Section 14 and 20 of the Family Court Act would apply, is not correct. He submits that the Rules of Indian Evidence Act would not apply and no benefit would accrue to the respondent for the reasons that while taking the objection, the Family Court did not invoke either of the two Sections.
8. We find no force in the submissions made by the counsel for the appellant. The examination-in-chief of PW-2 reads as under:
“I was incharge of the Woman Cell, in Sector 14A, Noida UP with w.e.f. 2005-2008 and also from 2013-2016. I have seen the photocopy of the closure report which was prepared and typed by me and the same is Ex.PW-2/A(objected to on the ground that neither the original closure report nor its certified copy is on the record). …”
9. Relevant portion of her cross-examination is also extracted as under:
“I have not brought the original report lodged by Sangeeta Ghera in our office. I had called both the parties by sending appropriate notices for an inquiry into the complaint. It is correct that I have not brought the original record of such notices. I cannot say if the original record of the inquiry would be available in the department or not as I have not posted there at present. I have prepared the notesheet of the investigation. I had not filed any notesheet of the proceedings alongwith my closure report. Vol. As the same was not required by law.
It is correct that the closure report Ex.PW-2/A is not signed by me. Vol. We ordinarily sign such reports and it might be that the original contains such signatures and it is not visible on the photocopy. Apart from the parties, I had also made inquiries from neighbours and few others but after 12 years I do not recall their names. I do not remember if any statement of such persons was recorded. It is wrong to suggest that I had not made any independent inquiries nor I had recorded any statement of the parties….”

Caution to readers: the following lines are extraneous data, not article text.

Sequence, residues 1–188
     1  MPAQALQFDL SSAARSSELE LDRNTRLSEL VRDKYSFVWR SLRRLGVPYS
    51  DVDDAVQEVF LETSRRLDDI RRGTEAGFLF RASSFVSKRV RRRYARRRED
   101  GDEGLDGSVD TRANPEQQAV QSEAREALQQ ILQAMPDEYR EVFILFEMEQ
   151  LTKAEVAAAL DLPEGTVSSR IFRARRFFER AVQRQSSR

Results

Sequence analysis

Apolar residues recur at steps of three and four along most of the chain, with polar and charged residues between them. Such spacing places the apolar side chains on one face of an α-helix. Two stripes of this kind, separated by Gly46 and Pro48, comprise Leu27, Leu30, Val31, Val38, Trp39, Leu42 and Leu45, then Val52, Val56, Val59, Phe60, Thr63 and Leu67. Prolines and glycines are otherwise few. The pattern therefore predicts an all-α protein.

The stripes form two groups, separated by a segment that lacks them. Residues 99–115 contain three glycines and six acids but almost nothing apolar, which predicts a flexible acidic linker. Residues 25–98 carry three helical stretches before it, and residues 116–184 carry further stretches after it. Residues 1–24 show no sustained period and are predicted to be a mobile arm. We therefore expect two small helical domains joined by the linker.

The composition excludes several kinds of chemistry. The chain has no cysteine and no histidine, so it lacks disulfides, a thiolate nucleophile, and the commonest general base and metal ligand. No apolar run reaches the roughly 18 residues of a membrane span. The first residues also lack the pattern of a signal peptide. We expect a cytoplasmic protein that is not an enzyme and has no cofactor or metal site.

10. Reading of the examination-in-chief would show that PW-2 Renuka Singh, Inspector, UP Police has categorically deposed that she was in-charge of the Women Cell in Sector 14A, Noida UP and had seen the photocopy of the closure report, which was prepared and typed by her (Emphasis added). In her cross-examination, she testified that it was correct that the closure report was not signed by her but she volunteered to say that ordinarily such reports are signed and admitted and the original may contain her signatures.
11. Sections 14 and 20 of the Family Courts Act, read as under: “14. Application of Indian Evidence Act, 1872.-A Family Court may receive as evidence any report, statement, documents, information or matter that may, in its opinion, assist it to deal effectually with a dispute, whether or not the same would be otherwise relevant or admissible under the Indian Evidence Act, 1872 (1 of 1872). ”
“20. Act to have overriding effect.—The provisions of this Act shall have effect notwithstanding anything inconsistent therewith contained in any other law for the time being in force or in any instrument having effect by virtue of any law other than this Act.”
12. Reading of Section 14 makes it abundantly clear that the Family Court may receive as evidence any report, statement, documents, information or matter that may in its opinion would assist it to deal effectually with the dispute.
13. The present case is on a much better footing as the PW-2 has admitted that she prepared and typed the closure report, thus to say that the closure report is false and fabricated is an argument without any force.
Accordingly, we find no infirmity with the order passed by the Family Court.
14. Resultantly, the appeal and the applications are dismissed.
15. The date 10.09.2018 stands cancelled in view of the orders passed in the appeal.
16. The application also stands dismissed in view of the orders passed in the appeal.
SANGITA DHINGRA SEHGAL, J
AUGUST 16, 2018